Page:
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Why is it that we want our idols to die on a cross of their own making, and if they don't, we want our money back? But you know, Elvis ate America before America ate him.-- Bono, tribute to Elvis Presley, 2004

U2 in Washington, D.C.

- December 06, 1984

by J.D. Considine

You couldn't have asked for a better example of U2's magic last night at Constitution Hall.

Midway through a rousing rendition of "Sunday Bloody Sunday," a cry for peace inspired by the Bloody Sunday riots in Northern Ireland, singer Bono Vox broke off to lead the crowd in a chant of "No more, no war!" A girl at the foot of the stage reached up to hand the singer a small bouquet; Bono accepted the flowers, then lifted the girl onto the stage, embracing her as if in demonstration of the brotherhood the song was advocating. The fans roared their approval.

Moments like that are what live rock 'n' roll is all about, and they happen all too infrequently these days. More common by far is blind adulation and passive acceptance, in which the stars are cheered merely for walking on stage. There was a fair bit of that, too, in U2's concert. There were times when the applause in response to the Edge's guitar flourishes made it impossible to hear what he was playing, and Bono even earned cheers for simply loosening his shirt.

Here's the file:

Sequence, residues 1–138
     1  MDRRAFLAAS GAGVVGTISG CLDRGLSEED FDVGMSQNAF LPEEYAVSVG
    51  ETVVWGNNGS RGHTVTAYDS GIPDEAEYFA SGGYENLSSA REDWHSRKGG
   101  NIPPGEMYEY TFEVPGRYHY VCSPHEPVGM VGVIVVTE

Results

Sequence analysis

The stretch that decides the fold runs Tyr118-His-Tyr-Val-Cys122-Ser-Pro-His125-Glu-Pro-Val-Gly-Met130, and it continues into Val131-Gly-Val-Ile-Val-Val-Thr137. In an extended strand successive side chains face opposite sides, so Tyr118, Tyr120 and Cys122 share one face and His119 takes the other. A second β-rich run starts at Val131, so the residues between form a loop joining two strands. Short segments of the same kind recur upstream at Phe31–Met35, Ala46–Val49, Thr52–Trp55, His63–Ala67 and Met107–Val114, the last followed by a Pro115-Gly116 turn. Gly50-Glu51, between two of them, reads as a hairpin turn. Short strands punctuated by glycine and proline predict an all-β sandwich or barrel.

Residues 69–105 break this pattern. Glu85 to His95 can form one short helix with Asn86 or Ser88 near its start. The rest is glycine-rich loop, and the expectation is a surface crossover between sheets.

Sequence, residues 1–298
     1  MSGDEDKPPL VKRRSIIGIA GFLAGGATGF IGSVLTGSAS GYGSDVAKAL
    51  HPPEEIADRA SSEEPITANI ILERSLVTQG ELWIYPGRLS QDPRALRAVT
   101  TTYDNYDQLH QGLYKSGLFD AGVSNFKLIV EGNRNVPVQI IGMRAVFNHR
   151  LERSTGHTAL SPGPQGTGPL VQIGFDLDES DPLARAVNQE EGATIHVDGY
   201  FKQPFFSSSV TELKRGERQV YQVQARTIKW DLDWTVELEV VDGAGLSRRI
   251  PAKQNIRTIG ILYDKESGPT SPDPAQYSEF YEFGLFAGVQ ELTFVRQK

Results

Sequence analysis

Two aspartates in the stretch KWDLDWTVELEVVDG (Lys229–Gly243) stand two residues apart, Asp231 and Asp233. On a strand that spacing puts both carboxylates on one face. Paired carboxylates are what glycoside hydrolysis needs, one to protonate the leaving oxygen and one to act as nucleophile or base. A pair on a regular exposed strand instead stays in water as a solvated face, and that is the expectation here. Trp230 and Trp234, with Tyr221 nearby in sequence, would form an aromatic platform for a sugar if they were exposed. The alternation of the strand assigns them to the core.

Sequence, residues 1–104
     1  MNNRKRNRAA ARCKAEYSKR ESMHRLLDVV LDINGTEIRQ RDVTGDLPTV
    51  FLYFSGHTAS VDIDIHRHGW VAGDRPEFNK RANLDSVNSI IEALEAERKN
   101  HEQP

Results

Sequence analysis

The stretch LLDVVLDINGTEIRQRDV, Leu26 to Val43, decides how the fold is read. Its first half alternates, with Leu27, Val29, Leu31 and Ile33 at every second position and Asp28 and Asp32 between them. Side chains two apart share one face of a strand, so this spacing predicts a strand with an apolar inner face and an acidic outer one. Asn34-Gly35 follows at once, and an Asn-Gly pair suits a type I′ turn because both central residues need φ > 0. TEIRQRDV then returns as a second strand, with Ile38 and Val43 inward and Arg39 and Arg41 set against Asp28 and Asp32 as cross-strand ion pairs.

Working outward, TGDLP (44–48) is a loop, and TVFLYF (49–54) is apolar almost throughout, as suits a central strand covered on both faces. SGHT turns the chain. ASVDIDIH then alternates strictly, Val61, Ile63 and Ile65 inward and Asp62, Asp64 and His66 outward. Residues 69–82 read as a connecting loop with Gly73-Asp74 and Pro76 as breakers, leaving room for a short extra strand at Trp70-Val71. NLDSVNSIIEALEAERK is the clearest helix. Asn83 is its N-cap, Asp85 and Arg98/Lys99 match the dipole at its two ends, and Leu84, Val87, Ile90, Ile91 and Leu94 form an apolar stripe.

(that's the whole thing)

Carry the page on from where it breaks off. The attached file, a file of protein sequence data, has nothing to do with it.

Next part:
But though the fans' unfettered enthusiasm tended to blunt the band's performance, scaling down the dynamics and removing the risk-taking that made previous U2 shows so invigorating, the songs themselves were still strong enough to occasionally lift the concert to unexpected peaks.

© 1984 The Washington Post. All Rights Reserved.

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